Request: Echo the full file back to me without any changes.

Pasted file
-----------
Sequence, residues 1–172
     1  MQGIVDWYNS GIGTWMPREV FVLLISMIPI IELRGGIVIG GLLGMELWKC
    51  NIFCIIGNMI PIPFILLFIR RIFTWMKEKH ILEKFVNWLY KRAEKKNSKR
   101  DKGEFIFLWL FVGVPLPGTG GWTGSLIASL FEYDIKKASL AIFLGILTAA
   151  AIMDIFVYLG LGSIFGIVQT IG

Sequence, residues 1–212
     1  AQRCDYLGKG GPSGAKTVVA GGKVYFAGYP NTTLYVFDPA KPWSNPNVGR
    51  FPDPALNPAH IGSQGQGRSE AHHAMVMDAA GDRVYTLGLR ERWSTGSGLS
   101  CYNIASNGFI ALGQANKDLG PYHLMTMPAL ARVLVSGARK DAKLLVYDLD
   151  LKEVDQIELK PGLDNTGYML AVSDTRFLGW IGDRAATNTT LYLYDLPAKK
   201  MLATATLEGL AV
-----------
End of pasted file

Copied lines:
Sequence, residues 1–172
     1  MQGIVDWYNS GIGTWMPREV FVLLISMIPI IELRGGIVIG GLLGMELWKC
    51  NIFCIIGNMI PIPFILLFIR RIFTWMKEKH ILEKFVNWLY KRAEKKNSKR
   101  DKGEFIFLWL FVGVPLPGTG GWTGSLIASL FEYDIKKASL AIFLGILTAA
   151  AIMDIFVYLG LGSIFGIVQT IG

Sequence, residues 1–212
     1  AQRCDYLGKG GPSGAKTVVA GGKVYFAGYP NTTLYVFDPA KPWSNPNVGR
    51  FPDPALNPAH IGSQGQGRSE AHHAMVMDAA GDRVYTLGLR ERWSTGSGLS
   101  CYNIASNGFI ALGQANKDLG PYHLMTMPAL ARVLVSGARK DAKLLVYDLD
   151  LKEVDQIELK PGLDNTGYML AVSDTRFLGW IGDRAATNTT LYLYDLPAKK
   201  MLATATLEGL AV